They perform on a realistic semblance of a high-school auditorium stage (designed by Christopher Swader and Justin Swader), with a furled American flag on one side and a small organ on the other. The latter is played by a narrator (Sarah Alice Shull) who speaks the oddball stage directions into a mic while accompanying the action with Michael Cassedy’s absorbing music as well as the anthemic “America” (“Oh, Beautiful for Spacious Skies”). Cassedy’s music makes a distinct impression in an extensive dance (choreographed by Chanon Judson) perhaps stolen from a zonked-out production of a certain musical about Jellicles.
At the start, the Narrator tells us that the chorus is “trying like the devil to tell . . . the story of the SANDWICH MAN with sandwich boards upon which nothing is written and hence with nothing to say.” They proceed to do this in a gibberish-driven scene called “Catachresis Catatastical” (the first is a real word), during which a dissonant individual (“she is not therefore the same and is different”) appears. She is the Answerer/Answearer (Drita Kabashi), her “difference is a problem,” and her behavior “fractures” the chorus.
Her disruptive individuality is marked by her desire to “PROCLAIM a departure of all cats,” which incites the Enforcer (Susan Ly) to enterwith an axe, declaring “a chorus must speak with one voice.” Perhaps this is meant to suggest the origins of dramatic conflict in ancient tragedy, when one chorus member stepped forth to confront the others. Regardless of how meaningless the speeches—which sporadically convey a modicum of meaning—seem to be, each actor performs with thorough conviction.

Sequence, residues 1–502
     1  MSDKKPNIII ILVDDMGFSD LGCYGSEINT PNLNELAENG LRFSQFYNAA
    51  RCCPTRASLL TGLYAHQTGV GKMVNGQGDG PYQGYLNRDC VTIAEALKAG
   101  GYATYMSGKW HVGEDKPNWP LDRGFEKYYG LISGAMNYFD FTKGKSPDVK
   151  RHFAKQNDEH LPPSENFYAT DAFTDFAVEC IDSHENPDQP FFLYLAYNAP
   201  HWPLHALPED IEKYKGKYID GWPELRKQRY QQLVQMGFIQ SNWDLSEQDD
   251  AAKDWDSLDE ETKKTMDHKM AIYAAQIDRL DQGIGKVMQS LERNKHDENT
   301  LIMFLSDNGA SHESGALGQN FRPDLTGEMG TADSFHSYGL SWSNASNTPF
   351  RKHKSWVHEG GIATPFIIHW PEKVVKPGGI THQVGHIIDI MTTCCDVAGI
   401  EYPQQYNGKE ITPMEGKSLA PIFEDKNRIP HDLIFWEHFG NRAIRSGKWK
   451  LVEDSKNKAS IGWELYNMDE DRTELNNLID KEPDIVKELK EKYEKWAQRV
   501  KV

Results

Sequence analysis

Director Meghan Finn—a graduate of Prof. Thomas Bullard’s MFA directing program at Brooklyn College, where Wellman runs the highly reputed playwriting program—must be applauded for how well she’s used movement, vocal orchestration, and creative interpretation to devise what seems to be making sense to the cast, if not always to us. Kabashi is particularly notable, taking her abstract, cartoonish character and making it wryly comic, anguished, and, in fact, almost real. I’m already hoping to see her in something else.